Located on the southern end of Skaha Lake in the Okanagan Valley, and known locally as OK Falls, the little community of Okanagan Falls was originally known as Dogtown, from the Okanagan Indian word Skaha (meaning dog), after which the nearby Skaha Lake was named.
The actual Okanagan Falls were reduced to gentle rapids many years ago with the construction of the flood control dam in the 1950s to control the level of water flowing south in the Okanagan River.
Okanagan Falls is located on Highway 97 at the southern end of Skaha Lake in the south Okanagan, 28 km (17 mi) north of Oliver and 26 km (16 mi) south of Penticton.
The little grey Bassett House, which today houses the Museum, was ordered from the T. Eaton and Company catalogue in 1909 by the pioneer Bassett family, which operated a freight and stagecoach company in the area. Arriving in prefabricated kit form at Okanagan Lake by rail, the house crossed the lake on a sternwheeler and was carried the rest of the way to Okanagan Falls by horse-drawn wagon.
Those with green fingers won't want to miss the Memorial Rose Garden, across the highway from Barrett House. The best time to visit is when the flowers bloom from May to October.
The radio telescopes here are used to study the universe and its origins. Visitors can take a self-guided tour of the a 26 metre parabolic antenna and a sophisticated computer-linked antenna array. On the grounds of the observatory is pond-sized White Lake, which attracts some unusual birds, including Sandhill cranes, loggerhead shrikes, long-billed curlews, Brewer's sparrows, and sage thrashers. A guide will be on duty in the Visitors' Centre at the Observatory on weekends as well as statutory holidays from 10am until 5pm. The Observatory grounds and the Visitors' Centre will be open during normal working hours. There will not be a guide in the Visitors' Centre on weekdays.
Just above the Okanagan River, cool deciduous trees provide a contrast to the parched hills above. This oasis is famous among naturalists for its superb bird watching, wildlife viewing, nature study, photography opportunities and a variety of bats. A lovely array of colours occurs in autumn. The diverse recreational opportunities will please nature lovers, campers and fishing enthusiasts alike.
Nestled in the tall cottonwoods and riverside thickets along Okanagan River, the park protects a few hectares of this rapidly diminishing habitat. It also provides a welcome retreat from the Okanagan sun. It is the perfect spot for the more rustic camper and those who like to experience a more natural setting. Campsites sit in the shade of large trees, and it's a short trail to the cool river, where you can carry your canoe for an afternoon of exploring or fishing. Recreation opportunities include camping and natural value appreciation, bird and wildlife watching.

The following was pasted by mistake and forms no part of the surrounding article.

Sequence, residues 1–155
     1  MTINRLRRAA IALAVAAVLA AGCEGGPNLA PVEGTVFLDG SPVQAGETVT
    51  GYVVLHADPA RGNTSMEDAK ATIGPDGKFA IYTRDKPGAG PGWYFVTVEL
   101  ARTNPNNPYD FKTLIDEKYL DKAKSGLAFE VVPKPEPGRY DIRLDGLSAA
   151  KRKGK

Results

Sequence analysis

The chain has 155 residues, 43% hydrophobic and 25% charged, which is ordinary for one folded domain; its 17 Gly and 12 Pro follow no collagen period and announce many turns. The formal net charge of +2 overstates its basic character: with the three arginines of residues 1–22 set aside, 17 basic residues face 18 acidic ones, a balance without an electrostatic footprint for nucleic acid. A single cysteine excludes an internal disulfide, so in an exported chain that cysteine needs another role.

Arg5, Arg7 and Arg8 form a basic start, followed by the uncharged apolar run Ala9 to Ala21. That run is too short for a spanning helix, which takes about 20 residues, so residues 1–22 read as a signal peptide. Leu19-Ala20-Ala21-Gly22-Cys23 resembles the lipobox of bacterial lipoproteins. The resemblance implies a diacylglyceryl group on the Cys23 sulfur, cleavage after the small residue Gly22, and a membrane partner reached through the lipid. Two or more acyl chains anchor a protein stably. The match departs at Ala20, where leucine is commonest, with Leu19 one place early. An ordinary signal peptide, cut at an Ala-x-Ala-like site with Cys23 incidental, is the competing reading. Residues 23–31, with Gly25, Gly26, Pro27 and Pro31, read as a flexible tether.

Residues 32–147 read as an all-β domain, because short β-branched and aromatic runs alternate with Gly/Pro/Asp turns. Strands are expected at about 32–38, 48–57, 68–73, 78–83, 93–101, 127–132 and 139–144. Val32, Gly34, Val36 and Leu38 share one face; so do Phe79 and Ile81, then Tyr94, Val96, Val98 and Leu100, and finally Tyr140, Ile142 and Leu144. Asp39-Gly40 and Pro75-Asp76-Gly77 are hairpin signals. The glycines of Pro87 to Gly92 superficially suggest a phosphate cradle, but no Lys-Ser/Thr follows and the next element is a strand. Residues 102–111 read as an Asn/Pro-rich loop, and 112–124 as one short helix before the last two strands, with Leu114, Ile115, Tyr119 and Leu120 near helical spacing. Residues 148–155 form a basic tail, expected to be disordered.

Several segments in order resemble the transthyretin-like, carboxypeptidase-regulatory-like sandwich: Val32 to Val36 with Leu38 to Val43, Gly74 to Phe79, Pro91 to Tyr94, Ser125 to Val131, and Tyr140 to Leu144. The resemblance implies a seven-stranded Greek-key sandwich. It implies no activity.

Stretching along 500 kilometres of scenic gravel track, the gentle 2.2% grade into Penticton travels through vineyards, orchards, and wineries, and offers unparalleled views of Okanagan Lake. This historic former railway is shared by the Trans-Canada Trail and is ideal for walking or cycling. Guided day/overnight excursions are also available.
Featuring unique architectural styles, there are some 60 wineries surrounded by more than 2,000 hectares of vineyards within the valleys picturesque landscape. Visitors are welcome to sample, shop, and, in select wineries, dine at their establishments. Step off the world and enter the wonderful world of wine in Penticton & Wine Country!
Winter provides kilometres of trails for cross-country skiing, snowshoeing, and snowmobiling. Downhill and snowboard skiing is available an hour away at Apex Mountain Resort.
The beautiful sandy beaches of Skaha Lake and Okanagan lake provide great swimming and boating in summer.
Throughout the year bird-watchers visit the South Okanagan with the hopes of seeing some of the rare species that make the area their home. One ideal spot for naturalists is at Vaseaux Lake, located about 15 kilometres north of Oliver. Over 25 species of birds have their homes on the lake and the surrounding marshlands, which are a federal bird sanctuary. A wildlife interpretation center offers walking trails and a viewing blind.
The Haynes Lease Ecological Reserve and Osoyoos Oxbows Wildlife Management Area off Road 22 north of Osoyoos is another great spot for bird watching. You might be able to see Canada's smallest hummingbird or the rare Burrowing Owl, as well as bats, canyon wrens, sage thrashers, and the chukar partridge.
The area around Okanagan Falls Provincial Park is also a prime viewing ground for different birds, including a number of species of bats. Closer to town is Haynes Point Provincial Park, where trails take people into the marshlands to get closer to nature. The park naturalist at Haynes Point discusses the natural history of the area during the programs held each week at the park's amphitheatre.
The Okanagan Spring Wine Festival is a perfect marriage of wine and culinary tourism. For the first four days in May each year, it offers a tantalizing experience for anyone who loves fabulous wine accompanied by fine cuisine. And what better way to announce the grape growing season than to hold a festival during bud break!
Guests can choose an incredible 100+ events throughout Okanagan Wine Country at a time of year when it is absolutely delightful to savour Spring in the warm sunshine. The Okanagan Spring Wine Festival has been described as "one of Canada's best small festivals" and it is no wonder that its success continues to grow.
The Peach Festival features a whirlwind week of family entertainment, a pancake breakfast, sandcastle competitions, music concerts, a large parade, a children's parade, food vendors, crafts, and much, much more!
Penticton & Wine Country
Background Photo Credit: Destination British Columbia